In my current role, I head up and manage the design team and the two assistant design managers.
As a team, we have to plan tasks to ensure they are completed to schedule and in order of urgency or impact. I create and use a number of schedules to identify outstanding tasks and aid forward planning. In my role, it is essential to have good communication skills. Through direct and indirect communication routes, I build a rapport and get the best from the team. I chair bi-weekly design team meetings and complete minutes to aid the production of information.
To complete projects, I am required to think analytically and solve any problems along the way.
Working in construction on complex projects on a tight budget has forced me to think creatively and come up with unique solutions to unforeseen problems. This includes things such as separating walkways from the building line to enable the windows to open further and therefore improve the ventilation strategy, and reduce the need for mechanical ventilation.
I spend about half my time in the office working with designs and reviewing information to forward plan, and the other half on-site assisting the site team. While on-site, I am able to visit the buildings where designs I have worked on are becoming reality and troubleshoot when issues arise. Not only do I ensure the design is communicated from the designers to the builders, but I am lucky to see projects from conception to completion and ideas become reality.
Construction is an ever-changing industry … this makes work exciting and interesting. I'm not stuck behind a desk nine to five.
I work for Morgan Sindall, a construction and infrastructure company.
Find what role you want to be involved with and talk to people. If you’re hard-working and willing to learn, a construction career is right for you.
When offered work experience in Year 10 at school, many students let the school decide where they worked. I chose to search elsewhere to find some experience somewhere that would build my CV and teach me something I wanted to know. I ended up in the local council office’s architecture and UDLA (urban design and landscape architecture) department. This determined the course of the role I wanted working in construction. I liked management and design so wanted something in between.
I then took A-levels at the same school where I did my GCSEs. I tailored my A-levels to suit the construction industry. I had always wanted to be an architect, not knowing the different careers in architecture available to me. I chose:
From there, I applied to a number of degree courses in construction after researching courses available through UCAS - some architecture, some architectural technology and one architectural engineering and design management. I chose the latter, based on its exciting modules and interesting job prospects. I worked hard in my first year and was top of my class, which led to me being picked for a number of interviews for a placement. After a number of offers, I chose to work with Morgan Sindall and completed a 12-month placement as a trainee design manager, returning after graduating.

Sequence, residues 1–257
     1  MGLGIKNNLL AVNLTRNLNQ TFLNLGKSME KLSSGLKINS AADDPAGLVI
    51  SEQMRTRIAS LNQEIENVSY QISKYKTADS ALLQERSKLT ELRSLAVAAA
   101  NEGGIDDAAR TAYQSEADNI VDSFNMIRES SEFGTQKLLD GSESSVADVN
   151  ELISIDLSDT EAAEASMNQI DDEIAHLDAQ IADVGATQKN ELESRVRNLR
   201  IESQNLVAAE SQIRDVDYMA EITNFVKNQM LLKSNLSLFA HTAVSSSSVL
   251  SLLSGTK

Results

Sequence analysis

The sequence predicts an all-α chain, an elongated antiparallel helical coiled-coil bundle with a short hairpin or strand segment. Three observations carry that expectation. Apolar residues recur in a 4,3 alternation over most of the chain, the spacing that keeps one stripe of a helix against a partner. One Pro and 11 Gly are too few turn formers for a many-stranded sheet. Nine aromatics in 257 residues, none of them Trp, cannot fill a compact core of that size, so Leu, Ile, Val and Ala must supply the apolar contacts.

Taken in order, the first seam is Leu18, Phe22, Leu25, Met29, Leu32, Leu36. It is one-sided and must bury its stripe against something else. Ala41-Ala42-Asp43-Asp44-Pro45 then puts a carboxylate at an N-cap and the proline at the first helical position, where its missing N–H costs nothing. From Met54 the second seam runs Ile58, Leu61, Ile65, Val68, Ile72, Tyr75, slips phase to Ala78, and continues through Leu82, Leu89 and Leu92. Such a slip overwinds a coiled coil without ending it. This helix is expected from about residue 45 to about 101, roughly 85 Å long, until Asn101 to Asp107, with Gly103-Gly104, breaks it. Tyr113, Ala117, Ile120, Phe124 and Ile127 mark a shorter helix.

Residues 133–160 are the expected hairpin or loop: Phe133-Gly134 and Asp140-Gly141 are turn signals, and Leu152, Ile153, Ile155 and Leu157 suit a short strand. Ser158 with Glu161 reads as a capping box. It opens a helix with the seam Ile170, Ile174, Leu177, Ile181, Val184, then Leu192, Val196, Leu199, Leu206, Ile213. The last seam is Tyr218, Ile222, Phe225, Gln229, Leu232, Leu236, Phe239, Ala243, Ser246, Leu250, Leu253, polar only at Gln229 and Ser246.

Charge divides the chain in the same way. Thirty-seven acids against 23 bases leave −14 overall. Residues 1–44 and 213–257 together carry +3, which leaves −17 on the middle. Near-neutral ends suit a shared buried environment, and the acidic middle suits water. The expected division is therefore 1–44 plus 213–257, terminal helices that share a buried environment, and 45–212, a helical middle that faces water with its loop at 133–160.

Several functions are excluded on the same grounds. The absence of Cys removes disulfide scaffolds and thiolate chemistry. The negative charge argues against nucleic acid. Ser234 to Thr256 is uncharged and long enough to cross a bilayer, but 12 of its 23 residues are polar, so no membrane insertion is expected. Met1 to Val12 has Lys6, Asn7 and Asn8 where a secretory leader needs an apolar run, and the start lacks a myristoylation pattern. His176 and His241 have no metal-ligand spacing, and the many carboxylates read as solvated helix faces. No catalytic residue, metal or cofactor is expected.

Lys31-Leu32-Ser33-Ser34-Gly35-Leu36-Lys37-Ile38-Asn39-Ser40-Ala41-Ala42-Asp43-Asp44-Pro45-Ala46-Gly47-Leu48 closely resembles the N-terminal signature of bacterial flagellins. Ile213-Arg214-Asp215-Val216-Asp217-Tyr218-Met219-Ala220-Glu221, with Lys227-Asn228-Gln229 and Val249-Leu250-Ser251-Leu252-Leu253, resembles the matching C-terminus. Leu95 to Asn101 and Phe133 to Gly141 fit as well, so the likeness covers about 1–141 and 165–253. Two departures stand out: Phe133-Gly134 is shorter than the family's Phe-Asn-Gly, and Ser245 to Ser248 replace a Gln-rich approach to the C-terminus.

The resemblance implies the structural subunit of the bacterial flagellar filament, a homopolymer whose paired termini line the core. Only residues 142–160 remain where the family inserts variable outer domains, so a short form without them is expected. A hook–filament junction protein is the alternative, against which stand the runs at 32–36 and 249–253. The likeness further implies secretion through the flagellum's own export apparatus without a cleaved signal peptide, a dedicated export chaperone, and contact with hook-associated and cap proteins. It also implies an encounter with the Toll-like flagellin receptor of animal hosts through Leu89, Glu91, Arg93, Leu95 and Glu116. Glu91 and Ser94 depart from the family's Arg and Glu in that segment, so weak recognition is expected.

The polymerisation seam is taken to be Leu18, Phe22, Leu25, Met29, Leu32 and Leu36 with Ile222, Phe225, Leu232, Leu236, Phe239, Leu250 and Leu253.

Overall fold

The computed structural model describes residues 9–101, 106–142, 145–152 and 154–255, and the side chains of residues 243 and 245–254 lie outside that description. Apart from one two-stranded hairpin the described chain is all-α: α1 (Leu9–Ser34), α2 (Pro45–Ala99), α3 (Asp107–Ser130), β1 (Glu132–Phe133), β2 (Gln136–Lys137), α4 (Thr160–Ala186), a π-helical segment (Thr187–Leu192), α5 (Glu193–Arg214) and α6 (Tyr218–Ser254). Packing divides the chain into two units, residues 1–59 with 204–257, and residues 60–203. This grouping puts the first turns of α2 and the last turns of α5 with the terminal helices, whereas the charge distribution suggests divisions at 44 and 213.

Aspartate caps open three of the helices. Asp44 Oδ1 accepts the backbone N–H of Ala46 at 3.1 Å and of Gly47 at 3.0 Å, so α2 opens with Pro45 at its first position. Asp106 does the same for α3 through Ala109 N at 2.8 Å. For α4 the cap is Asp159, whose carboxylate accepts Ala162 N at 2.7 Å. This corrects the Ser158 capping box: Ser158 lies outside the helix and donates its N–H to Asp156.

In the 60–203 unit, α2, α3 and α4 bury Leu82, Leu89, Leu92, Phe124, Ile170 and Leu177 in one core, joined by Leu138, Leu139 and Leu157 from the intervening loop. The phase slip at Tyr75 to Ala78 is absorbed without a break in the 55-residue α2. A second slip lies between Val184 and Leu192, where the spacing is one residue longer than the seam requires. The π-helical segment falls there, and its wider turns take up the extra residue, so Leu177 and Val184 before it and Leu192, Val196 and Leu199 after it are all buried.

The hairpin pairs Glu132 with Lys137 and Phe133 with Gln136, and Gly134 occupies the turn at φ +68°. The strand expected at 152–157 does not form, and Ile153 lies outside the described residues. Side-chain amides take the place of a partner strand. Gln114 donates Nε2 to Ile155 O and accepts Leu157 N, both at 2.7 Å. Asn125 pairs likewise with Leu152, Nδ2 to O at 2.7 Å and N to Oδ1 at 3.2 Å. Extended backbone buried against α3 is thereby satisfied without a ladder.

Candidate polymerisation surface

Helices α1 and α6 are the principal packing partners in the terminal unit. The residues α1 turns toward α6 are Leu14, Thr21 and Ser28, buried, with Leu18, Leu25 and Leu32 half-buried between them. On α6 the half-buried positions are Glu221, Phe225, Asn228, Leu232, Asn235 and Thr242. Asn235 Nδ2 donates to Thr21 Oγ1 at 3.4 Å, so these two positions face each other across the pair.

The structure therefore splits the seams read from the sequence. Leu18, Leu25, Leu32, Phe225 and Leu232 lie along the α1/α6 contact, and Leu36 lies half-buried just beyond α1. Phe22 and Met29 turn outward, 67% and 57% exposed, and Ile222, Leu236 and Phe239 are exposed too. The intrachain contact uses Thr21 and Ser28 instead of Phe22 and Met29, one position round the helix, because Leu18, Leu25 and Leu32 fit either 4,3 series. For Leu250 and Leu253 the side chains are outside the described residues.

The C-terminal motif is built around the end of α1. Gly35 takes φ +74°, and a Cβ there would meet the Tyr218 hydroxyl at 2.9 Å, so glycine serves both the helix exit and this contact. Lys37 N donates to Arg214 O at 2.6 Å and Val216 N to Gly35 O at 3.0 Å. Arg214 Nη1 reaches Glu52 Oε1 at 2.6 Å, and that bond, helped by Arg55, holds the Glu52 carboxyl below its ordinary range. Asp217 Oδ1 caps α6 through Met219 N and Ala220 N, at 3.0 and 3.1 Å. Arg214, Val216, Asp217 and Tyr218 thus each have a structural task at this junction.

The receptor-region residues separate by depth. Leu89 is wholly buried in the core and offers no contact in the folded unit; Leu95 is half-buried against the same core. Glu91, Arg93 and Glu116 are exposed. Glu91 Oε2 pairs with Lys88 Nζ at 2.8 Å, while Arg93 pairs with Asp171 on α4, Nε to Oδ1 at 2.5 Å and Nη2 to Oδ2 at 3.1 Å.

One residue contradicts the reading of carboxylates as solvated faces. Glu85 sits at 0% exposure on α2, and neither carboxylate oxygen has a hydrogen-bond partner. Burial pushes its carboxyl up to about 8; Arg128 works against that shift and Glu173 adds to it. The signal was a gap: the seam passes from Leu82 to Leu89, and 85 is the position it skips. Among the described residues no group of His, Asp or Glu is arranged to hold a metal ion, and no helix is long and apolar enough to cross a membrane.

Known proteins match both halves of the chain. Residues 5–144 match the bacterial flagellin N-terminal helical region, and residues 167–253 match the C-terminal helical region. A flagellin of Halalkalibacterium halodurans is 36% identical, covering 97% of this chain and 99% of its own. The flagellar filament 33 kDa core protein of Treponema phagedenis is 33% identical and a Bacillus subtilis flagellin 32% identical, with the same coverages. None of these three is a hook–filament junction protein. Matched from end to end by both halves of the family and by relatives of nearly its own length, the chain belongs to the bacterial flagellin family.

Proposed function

I completed my degree (first class honours in BSc Architectural Engineering and Design Management) at Loughborough University and couldn’t have been happier there. It is truly wonderful to study something you are passionate about with like-minded people who value the same things, and where innovative research is all around you.
Working in construction means a career in an ever-changing industry. New technologies are cropping up frequently, making building and designing easier. Regulations, and best practice to safeguard and improve the lives of the workforce and users of our buildings, also change frequently. For these reasons, no day is ever the same. I come to work not knowing what that day will hold. You have to adapt quickly and work with change. This makes work exciting and interesting, as I'm not stuck behind a desk nine to five. I can get out on-site and see things change. You also have the reassurance that projects don’t last forever. Good or bad, they will come and go so it’s important to enjoy and cherish the good ones and learn from the not so good ones.
Walking out on-site and seeing what’s being built, and spending time with the team transforming the designs I work with into the finished item for the client are good moments.
I hope to spend a few years doing what I do, but ultimately I’d like to start innovating new practice into construction.
Construction is one of the most exciting industries to work in and there are opportunities and routes in everywhere. Find out which construction jobs you want to be involved with and talk to people. If you’re hard-working and willing to learn, construction is right for you. Once you know the construction job you want, ask for work experience. Paid or not, it looks great on your CV and is a talking point into the industry – you can start at the bottom and work your way into other roles.
Construction is at the forefront of innovation because every project is a prototype. Nothing is ever the same so we are constantly adapting to change. In few industries do you design with sustainability in mind from the outset. We want to make buildings better, more comfortable and cheaper to run as there are not many products that have a lifespan over 50 years. We design and build for the future.
The construction sector will shape the way we live in the future because the buildings we construct now will be a part of the skyline and environment we inhabit for years to come. We implement emerging technology like almost no other industry. Essentially, we are the beta testers of the places we spend about half our lives.
People working in construction jobs always give the best advice. They know best. I will always remember someone saying to me ‘make the job work for you, you don’t work for the job’. Find what you enjoy doing and make a career out of it.